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Carnegie Mellon is a private, internationally ranked research university with programs in areas ranging from science, technology and business, to public policy, the humanities and the arts. More than 12,000 students in the university’s seven schools and colleges benefit from a small student-to-faculty ratio and an education characterized by its focus on creating and implementing solutions for real problems, interdisciplinary collaboration and innovation. A global university, Carnegie Mellon’s main campus in the United States is in Pittsburgh, Pa. It has campuses in California’s Silicon Valley and Qatar, and programs in Africa, Asia, Australia, Europe and Mexico.
Carnegie Mellon consistently ranks among the world's top universities for academics and employment, due to our academic excellence, groundbreaking research and interdisciplinary collaboration. Our faculty, staff, students and alumni have earned personal and professional recognition in a variety of fields. Award recipient listings available include:
Physiology or Medicine
Professional Achievement Awards
Dickson Prize The Franklin Institute Awards
Guggenheim Fellowships Honda Prize MacArthur Foundation Fellows
National Book Award National Medal of Science National Medal of Technology Stockholm Prize in Criminology Turing Award Vannevar Bush Award
Since its founding in 1900 by industrialist and philanthropist Andrew Carnegie, Carnegie Mellon University has focused on finding real solutions to the problems facing society. Whether they attended Carnegie Technical Schools (1900-1912), Carnegie Institute of Technology (1912-1967) or Carnegie Mellon University (1967-present), our alumni became the innovators of their generation who made a difference in the world.
Despite many changes, the Carnegie Mellon University of today has much in common with the Carnegie Technical Schools of 1900. The school still encourages great thinkers with diverse backgrounds to collaborate toward practical goals. It preaches collaboration and innovation across traditional barriers of knowledge, producing extraordinary individuals who leave their mark on the world. Above all, Carnegie Mellon still maintains a commitment to students, practical research and education.
The university is dedicated to enhancing undergraduate education so that students can explore other disciplines while maintaining a core focus on their primary subject. Realizing that today's graduates must understand international issues, Carnegie Mellon is now a global university with an ever-expanding presence across international borders.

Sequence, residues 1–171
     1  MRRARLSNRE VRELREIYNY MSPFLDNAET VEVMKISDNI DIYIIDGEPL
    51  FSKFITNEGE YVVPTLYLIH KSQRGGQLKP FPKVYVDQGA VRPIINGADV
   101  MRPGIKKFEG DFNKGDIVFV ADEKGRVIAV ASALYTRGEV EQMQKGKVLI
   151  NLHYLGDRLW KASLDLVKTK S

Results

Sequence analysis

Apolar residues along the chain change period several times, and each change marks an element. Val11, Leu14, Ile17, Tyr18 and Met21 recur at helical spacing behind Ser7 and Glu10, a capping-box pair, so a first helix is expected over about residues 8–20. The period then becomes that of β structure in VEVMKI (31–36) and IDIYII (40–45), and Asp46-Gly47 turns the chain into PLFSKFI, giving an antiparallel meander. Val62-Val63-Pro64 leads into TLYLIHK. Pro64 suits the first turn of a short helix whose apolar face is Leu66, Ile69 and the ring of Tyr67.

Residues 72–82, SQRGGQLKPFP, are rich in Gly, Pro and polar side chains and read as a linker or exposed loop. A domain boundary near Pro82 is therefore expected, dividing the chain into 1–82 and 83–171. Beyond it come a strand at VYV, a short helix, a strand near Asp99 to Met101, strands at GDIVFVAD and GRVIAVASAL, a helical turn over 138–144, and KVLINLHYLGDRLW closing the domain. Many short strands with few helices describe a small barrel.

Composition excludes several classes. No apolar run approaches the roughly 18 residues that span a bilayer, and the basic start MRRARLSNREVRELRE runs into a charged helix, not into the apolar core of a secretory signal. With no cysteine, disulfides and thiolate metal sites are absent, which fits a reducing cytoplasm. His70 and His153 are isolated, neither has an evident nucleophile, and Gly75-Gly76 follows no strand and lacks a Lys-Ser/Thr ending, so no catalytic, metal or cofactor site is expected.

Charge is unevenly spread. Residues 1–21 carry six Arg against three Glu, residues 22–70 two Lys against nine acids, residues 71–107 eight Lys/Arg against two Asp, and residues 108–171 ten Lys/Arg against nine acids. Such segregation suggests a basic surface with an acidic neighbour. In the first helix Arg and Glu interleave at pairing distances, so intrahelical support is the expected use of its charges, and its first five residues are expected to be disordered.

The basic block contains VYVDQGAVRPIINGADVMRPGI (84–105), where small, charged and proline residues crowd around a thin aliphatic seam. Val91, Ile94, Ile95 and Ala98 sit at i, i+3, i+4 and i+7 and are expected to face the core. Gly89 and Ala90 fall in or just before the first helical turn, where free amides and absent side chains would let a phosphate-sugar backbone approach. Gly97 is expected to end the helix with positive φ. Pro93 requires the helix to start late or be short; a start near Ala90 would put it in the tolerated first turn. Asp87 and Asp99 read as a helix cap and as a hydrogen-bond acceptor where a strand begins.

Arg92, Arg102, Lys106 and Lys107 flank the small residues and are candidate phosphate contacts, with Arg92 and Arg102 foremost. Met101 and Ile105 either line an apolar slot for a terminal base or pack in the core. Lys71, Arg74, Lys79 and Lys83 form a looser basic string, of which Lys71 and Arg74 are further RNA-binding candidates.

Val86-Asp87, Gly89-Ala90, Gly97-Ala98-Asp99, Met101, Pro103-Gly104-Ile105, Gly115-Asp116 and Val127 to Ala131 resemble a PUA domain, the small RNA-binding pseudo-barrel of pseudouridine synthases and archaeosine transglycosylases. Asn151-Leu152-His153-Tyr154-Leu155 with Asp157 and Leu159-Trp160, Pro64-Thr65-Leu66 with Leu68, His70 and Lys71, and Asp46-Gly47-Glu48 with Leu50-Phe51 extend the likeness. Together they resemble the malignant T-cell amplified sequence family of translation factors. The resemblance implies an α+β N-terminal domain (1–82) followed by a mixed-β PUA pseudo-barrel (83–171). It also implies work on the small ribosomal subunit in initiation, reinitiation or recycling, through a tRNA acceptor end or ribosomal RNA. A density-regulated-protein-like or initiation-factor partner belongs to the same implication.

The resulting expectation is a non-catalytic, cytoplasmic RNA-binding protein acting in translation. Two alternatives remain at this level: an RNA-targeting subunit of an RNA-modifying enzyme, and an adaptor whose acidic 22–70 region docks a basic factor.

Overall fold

In his letter to the mayor of Pittsburgh establishing Carnegie Technical Schools, Andrew Carnegie wrote, "My heart is in the work." Today, the students, faculty and staff of Carnegie Mellon University continue to live and work by these words.
At Carnegie Mellon, we believe a diverse campus community is essential to enriching intellectual exchanges and enhancing cultural understanding. Likewise, it is important for the diversity of our community to reflect our regional, national and global constituencies. We rely on our Statement of Assurance and our Equal Employment Opportunity/Affirmative Action Policy to inform our commitment.
Each year, the university develops an affirmative action plan detailing our goals and progress to date. University leaders share the responsibility for implementation, and we continuously monitor our progress to ensure that the university's non-discriminatory policy is carried out. For more detailed information on implementation and evaluation, please see our Compliance and Policy information.
President Emeritus Jared L. Cohon issued a statement in 1999 about why diversity is important to Carnegie Mellon, which spurred the development of the President's Diversity Advisory Council (DAC). Since then, DAC initiatives include issuing a Diversity Problem Statement and a statement outlining the benefits of diversity in higher education. See the Diversity Resources Guide for detailed information about the university's diversity initiatives.
Carnegie Mellon will meet the changing needs of society by building on its traditions of innovation, problem solving, and interdisciplinarity.
To create and disseminate knowledge and art through research and creative inquiry, teaching, and learning, and to transfer our intellectual and artistic product to enhance society in meaningful and sustainable ways.
To serve our students by teaching them problem solving, leadership and teamwork skills, and the value of a commitment to quality, ethical behavior, and respect for others.
To achieve these ends by pursuing the advantages of a diverse and relatively small university community, open to the exchange of ideas, where discovery, creativity, and personal and professional development can flourish.
Carnegie Mellon has remained true to three primary objectives:
to deliver distinctive, first-quality education;
to foster research, creativity and discovery; and
to use the new knowledge created on campus to serve society.